I took my practicum class to a talk on feminist pedagogy yesterday. One of the students had coordinated the talk and we all went to support her and because it seemed very relevant to the work we were doing in the class.
At one point a teacher sitting next to me started talking about how she loved her students. She loved each and everyone of them and was always sad to see the semester end and her students leave. While she was talking I was thinking--No. I don't LOVE my students. I can develop great fondness for some of them, over time love one or two, and quite frankly there are some I don't like. Love, for me, is a strong word and I don't usually attribute it to anything but the deepest of relationships. However I do RESPECT my students (even the ones I don't like) and that seems more important to feminist pedagogy (or any type of successful pedagogy) than love. I see my students as I see my colleagues--as people and people can be fragile.
Even the toughest of us can break.
Sometimes we don't see the fragility of our students (I'm not talking about neuroses here but rather about the ability to place trust in both the system of academia and the environment of the classroom) but when it shows it can explain volumes. Recognizing fragility and supporting the risk it takes to show it is what establishes that trust.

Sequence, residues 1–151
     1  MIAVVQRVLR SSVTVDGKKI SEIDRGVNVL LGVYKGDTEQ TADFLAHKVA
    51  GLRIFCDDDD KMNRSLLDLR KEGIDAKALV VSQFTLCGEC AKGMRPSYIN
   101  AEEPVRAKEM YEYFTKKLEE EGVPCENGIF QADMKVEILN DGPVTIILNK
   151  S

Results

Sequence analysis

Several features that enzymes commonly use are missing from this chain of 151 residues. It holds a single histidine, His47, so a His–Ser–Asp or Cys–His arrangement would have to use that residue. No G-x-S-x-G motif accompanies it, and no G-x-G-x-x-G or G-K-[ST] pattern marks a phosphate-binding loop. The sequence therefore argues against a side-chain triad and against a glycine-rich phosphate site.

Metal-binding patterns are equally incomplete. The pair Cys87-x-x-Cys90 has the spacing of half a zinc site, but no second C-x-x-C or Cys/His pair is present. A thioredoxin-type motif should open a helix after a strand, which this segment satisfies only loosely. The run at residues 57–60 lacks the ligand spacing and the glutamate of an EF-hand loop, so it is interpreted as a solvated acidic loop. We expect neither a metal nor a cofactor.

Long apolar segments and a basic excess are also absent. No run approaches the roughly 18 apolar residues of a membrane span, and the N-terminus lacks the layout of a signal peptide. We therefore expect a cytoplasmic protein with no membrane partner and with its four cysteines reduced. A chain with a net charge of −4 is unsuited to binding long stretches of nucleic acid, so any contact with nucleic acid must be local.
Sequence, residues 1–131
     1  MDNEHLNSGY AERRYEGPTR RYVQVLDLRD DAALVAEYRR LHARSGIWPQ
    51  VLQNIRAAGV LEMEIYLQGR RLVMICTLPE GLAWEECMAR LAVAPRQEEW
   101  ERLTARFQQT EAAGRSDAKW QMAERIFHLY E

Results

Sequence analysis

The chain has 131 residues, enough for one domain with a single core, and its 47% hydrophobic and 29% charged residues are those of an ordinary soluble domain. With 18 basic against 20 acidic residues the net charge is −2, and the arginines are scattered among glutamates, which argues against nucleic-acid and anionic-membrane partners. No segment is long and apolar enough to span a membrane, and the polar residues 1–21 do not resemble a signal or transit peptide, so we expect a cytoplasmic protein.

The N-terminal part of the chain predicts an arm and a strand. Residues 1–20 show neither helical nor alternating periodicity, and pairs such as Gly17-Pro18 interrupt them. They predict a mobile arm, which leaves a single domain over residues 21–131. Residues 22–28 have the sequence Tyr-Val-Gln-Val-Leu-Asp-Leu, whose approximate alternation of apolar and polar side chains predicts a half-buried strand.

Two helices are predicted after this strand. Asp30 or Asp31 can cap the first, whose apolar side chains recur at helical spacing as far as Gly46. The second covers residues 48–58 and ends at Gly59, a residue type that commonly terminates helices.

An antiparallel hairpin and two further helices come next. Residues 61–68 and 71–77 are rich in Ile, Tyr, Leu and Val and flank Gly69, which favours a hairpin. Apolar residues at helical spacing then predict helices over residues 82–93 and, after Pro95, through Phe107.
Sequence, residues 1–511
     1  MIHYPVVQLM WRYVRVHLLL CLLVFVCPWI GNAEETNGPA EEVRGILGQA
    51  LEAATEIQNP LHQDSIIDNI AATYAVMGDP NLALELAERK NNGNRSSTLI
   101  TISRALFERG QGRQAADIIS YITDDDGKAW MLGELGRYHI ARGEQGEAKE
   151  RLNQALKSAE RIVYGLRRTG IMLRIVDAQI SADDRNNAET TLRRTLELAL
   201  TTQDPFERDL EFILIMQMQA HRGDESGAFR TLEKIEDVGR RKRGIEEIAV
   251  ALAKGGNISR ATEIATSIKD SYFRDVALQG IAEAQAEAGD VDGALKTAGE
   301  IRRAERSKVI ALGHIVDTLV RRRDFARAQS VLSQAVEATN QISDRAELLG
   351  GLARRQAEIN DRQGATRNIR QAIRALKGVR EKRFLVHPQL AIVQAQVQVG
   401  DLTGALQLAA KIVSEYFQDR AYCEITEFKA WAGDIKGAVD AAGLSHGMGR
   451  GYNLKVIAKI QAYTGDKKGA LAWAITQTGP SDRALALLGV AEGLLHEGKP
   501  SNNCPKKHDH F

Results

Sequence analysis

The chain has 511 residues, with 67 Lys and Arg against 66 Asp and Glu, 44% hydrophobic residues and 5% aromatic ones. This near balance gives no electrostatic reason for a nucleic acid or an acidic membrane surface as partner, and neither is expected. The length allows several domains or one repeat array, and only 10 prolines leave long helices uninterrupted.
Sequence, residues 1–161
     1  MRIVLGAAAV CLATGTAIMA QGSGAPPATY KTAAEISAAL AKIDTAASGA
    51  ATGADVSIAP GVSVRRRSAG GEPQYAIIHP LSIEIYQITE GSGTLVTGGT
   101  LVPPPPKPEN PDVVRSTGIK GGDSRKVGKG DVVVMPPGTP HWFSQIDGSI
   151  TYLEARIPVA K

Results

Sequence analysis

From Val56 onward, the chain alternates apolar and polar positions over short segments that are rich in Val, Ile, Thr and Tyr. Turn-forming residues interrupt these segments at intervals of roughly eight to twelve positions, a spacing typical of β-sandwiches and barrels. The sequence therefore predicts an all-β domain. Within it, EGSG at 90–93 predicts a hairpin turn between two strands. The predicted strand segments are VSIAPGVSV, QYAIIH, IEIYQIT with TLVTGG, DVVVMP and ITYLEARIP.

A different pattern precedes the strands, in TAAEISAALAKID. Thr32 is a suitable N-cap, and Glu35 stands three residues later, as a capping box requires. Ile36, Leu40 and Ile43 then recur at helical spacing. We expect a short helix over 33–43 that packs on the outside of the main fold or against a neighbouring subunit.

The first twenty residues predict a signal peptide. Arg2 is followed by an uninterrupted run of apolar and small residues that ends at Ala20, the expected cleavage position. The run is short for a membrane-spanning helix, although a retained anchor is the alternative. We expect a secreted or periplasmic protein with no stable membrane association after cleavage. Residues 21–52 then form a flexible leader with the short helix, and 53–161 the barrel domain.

So as I'm sitting there thinking I'm a big blue meanie who doesn't love her students, one of my students raises her hand in response to this woman's comment. She said that she has been in public school for her entire life and is now in her last semester of college. She said she really wasn't used to teachers caring for or about her. She wasn't feeling the love. She then described how I had sent her an email early in the semester after she missed a class. She was surprised to get the email and said she had not experienced having a professor show concern about her as a person.
Later on in the discussion the student who had coordinated the talk mentioned that three of her professors were present. She got a little teary as she described how much that support meant to her.
They are fragile and strong, my students, and I'm proud of them for standing up and taking the risk of higher education.